Google engineers have updated the company's technical infrastructure to begin implementing the removals, and put in place a dedicated removals team to evaluate each request. So far, however, only a small number requests has been processed. E-mails are being sent to those people who asked for information to be taken down, informing them that the action has been completed. Among them is the Spanish calligrapher and lawyer Mario Costeja González, who requested removal of a newspaper link published in March 1998 that contains information regarding his financial issues in the past.
Mr Costeja González's original 2010 complaint was among those that led to the May 2014 European Court of Justice decision establishing the right to be forgotten. A Google spokesman said : "This week, we're starting to take action on the removals requests that we've received. This is a new process for us. Each request has to be assessed individually, and we're working as quickly as possible to get through the queue."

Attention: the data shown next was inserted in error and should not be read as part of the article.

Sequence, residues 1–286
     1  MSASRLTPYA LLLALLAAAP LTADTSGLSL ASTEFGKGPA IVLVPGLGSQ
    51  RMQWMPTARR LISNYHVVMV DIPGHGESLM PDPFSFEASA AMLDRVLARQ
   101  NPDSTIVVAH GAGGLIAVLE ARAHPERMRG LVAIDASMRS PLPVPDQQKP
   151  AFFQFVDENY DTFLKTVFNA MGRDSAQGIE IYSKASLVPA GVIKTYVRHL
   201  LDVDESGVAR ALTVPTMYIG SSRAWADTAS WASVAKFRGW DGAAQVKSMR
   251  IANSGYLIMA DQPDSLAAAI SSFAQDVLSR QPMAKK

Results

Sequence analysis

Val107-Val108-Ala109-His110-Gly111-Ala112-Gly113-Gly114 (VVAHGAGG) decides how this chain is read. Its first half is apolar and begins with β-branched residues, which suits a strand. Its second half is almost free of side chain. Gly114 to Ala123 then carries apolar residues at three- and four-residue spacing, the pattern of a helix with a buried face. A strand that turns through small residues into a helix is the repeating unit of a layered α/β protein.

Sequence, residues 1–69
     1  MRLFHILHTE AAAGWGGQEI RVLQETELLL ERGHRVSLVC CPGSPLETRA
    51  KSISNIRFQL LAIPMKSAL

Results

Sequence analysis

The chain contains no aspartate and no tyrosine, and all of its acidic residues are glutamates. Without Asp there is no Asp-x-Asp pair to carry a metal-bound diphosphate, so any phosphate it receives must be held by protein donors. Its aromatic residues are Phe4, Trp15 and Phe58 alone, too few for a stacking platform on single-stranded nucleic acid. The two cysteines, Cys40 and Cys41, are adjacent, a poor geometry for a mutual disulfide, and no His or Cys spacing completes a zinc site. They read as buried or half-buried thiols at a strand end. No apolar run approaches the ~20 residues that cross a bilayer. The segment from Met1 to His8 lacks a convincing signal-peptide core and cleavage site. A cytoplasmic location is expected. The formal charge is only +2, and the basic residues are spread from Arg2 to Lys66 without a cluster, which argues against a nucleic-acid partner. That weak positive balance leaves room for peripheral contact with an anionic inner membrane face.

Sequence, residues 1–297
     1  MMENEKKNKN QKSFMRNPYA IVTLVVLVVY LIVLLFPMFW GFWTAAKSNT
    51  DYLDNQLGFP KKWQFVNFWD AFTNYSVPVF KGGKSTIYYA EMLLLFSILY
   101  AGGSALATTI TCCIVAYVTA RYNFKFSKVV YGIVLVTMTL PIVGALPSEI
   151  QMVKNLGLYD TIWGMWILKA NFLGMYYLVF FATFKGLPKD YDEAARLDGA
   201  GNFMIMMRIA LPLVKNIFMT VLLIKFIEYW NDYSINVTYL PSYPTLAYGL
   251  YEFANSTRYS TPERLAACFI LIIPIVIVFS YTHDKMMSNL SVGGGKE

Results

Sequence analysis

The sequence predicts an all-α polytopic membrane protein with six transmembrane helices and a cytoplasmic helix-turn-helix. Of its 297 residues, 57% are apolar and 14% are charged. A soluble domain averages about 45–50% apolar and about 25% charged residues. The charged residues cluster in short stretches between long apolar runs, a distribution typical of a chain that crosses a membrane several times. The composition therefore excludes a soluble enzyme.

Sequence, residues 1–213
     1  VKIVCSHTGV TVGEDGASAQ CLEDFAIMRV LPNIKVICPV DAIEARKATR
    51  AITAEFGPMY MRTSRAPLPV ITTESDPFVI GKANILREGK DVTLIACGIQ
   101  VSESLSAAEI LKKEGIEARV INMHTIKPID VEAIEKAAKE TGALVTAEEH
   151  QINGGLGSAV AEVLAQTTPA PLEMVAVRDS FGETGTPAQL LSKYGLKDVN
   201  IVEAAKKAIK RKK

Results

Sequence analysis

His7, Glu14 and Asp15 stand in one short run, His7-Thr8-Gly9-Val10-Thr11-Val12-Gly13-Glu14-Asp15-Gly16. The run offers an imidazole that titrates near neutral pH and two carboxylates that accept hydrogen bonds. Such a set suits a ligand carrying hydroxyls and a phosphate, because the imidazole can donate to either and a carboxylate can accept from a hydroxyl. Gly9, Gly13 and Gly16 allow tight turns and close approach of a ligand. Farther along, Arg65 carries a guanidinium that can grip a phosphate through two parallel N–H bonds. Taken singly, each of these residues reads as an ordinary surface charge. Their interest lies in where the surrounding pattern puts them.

Over the course of the last month, Google has received more than 41,000 removal requests via a web form it had set up in response to the ruling, which said Google must weigh individuals' right to privacy against a public interest in having certain information available. The speed with which Google moved to comply with the initial take-down requests is seen as an indication that the principle will quickly be implemented by other companies, and in other jurisdictions.